News Column

Women Earn Less Than Men in OK, Say Feds

Dec, 21, 2012

Laurie Winslow

women

Oklahoma women who were full-time wage and salary workers earned 21 percent less than men on a weekly basis last year, according to estimates released this week by the U.S. Bureau of Labor Statistics.

Women across the state had median weekly earnings of $601, or 78.6 percent of the $765 median weekly earnings of men in 2011, the BLS reported.

The median is a halfway point -- half of a group of numbers is more and half is less.

The report shows that Oklahoma had an annual average of 1.2 million workers last year, and that 534,000 were women and 703,000 were men. For all workers, median weekly earnings last year were $677, according to BLS data.

The ratio of Oklahoma women's earnings to men's earnings has fluctuated over the years, from about 75 percent from 2004 until 2008, before reaching a series high of 87.2 percent in 2009.

Since then the ratio of women's earnings has remained around 78 percent, the BLS reported.

The report uses estimates obtained from the Current Population Survey, a national monthly survey of approximately 60,000 households conducted by the U.S. Census Bureau for the BLS. The earnings data are collected from one-fourth of the CPS monthly sample.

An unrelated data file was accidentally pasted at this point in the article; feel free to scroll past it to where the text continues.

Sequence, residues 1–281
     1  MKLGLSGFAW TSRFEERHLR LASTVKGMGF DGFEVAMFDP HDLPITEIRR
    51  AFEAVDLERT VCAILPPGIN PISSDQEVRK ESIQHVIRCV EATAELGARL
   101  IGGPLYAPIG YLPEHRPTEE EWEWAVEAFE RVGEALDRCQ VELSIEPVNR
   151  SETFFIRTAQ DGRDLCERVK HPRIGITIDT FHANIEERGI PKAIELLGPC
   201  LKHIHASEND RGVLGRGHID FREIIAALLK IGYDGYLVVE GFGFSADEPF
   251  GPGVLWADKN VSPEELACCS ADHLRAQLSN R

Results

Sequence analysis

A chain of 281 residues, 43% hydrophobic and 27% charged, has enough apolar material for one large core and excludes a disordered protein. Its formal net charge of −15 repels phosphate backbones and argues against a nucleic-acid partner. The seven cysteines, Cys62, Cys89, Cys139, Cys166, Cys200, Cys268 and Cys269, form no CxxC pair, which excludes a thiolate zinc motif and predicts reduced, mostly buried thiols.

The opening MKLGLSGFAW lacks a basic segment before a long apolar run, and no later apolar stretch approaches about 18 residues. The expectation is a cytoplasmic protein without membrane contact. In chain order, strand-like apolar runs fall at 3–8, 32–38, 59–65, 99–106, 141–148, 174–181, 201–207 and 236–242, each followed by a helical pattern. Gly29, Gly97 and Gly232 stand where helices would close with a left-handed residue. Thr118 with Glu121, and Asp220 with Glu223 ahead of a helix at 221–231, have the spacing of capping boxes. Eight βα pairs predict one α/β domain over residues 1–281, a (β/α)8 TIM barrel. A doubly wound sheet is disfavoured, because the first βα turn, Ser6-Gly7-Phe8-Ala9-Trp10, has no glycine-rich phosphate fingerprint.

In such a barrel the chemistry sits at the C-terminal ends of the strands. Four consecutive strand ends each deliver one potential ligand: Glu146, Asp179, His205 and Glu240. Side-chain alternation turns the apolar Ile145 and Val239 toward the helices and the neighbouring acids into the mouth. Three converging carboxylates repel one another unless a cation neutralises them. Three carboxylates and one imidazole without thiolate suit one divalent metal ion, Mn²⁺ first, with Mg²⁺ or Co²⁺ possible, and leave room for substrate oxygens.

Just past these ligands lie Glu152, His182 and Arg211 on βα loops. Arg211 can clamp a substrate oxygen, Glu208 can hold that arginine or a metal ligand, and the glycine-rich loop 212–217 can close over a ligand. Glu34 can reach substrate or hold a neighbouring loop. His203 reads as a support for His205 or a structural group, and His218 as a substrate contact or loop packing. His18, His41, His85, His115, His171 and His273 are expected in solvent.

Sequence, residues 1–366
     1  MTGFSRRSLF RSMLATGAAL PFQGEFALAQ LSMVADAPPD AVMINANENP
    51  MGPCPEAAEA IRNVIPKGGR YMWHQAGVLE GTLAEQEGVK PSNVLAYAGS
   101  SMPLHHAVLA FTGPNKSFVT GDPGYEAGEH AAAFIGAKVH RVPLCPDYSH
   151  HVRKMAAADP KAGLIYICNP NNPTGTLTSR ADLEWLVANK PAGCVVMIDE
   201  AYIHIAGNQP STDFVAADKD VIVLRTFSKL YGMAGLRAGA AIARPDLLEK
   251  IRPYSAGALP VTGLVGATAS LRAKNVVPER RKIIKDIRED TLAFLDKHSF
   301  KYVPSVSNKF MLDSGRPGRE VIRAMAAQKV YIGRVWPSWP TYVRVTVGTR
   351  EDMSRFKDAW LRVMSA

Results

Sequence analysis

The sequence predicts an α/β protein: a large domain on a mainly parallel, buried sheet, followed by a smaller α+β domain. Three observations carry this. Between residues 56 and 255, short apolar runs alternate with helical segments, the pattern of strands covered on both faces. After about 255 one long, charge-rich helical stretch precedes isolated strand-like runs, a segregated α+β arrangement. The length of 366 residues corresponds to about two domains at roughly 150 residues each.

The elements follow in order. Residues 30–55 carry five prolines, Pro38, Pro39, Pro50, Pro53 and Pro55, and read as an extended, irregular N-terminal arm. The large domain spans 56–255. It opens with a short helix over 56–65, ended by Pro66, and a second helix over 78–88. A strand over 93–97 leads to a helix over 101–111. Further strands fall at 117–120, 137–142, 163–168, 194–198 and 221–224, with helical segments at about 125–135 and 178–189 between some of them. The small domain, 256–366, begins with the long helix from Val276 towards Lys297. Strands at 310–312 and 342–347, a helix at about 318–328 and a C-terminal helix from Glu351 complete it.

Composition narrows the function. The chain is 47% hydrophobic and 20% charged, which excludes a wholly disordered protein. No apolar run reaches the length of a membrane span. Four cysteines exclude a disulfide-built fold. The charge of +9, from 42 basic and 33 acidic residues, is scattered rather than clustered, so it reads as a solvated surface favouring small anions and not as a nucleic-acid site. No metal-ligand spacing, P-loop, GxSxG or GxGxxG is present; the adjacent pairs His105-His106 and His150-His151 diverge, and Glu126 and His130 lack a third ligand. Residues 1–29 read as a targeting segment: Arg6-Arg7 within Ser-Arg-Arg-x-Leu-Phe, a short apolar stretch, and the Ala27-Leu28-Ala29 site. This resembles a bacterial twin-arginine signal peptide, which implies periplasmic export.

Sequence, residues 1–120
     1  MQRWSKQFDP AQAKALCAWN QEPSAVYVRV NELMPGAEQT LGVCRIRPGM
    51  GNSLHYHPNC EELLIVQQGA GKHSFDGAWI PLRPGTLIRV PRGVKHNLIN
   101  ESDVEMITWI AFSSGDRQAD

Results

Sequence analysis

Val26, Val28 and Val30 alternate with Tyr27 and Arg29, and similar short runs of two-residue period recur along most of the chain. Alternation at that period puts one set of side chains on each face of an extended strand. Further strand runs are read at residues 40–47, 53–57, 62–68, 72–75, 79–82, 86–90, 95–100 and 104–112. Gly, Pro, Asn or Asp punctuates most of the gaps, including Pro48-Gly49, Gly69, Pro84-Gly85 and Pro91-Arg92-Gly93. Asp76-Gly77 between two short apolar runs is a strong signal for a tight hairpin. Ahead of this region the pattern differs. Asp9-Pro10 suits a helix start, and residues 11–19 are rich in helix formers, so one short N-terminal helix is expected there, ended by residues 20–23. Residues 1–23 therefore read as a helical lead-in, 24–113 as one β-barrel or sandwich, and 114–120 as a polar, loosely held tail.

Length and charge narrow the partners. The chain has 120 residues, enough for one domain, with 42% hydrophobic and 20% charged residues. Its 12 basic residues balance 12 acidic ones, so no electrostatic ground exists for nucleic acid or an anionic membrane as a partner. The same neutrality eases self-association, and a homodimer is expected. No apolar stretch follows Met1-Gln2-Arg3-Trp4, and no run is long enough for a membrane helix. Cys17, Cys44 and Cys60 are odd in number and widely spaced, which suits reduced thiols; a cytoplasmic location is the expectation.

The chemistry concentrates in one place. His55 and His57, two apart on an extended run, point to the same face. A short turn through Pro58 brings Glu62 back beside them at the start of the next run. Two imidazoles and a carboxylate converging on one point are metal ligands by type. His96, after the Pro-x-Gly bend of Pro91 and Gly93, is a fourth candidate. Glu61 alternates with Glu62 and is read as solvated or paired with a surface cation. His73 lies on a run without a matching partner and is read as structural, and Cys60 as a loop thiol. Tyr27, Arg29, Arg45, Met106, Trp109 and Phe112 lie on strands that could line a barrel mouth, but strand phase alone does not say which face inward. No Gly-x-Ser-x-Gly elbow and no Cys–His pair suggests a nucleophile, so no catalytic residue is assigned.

Nationwide, women who were full-time wage and salary workers earned 17.7 percent less than men, the BLS reported. The median wage for women was $684 per week compared to $832 for men.

Among states, women's median weekly earnings last year ranged from a low of $564 in Montana to $878 in Connecticut. Women living on the East Coast enjoyed some of the highest earnings; in Massachusetts, New Jersey and Maryland, women's weekly earnings were above $800.

For men, median weekly earnings were lowest in Arkansas at $675 and highest in Connecticut at $1,106, according to the report.

The District of Columbia, however, had the highest median weekly wage for both women and men, at $950 and $1,151, respectively.

Earnings differ across the nation due to variations in occupation, industry and age composition of each state's labor force, according to the BLS.



Distributed by MCT Information Services



Source: (c) 2012 Tulsa World (Tulsa, Okla.)


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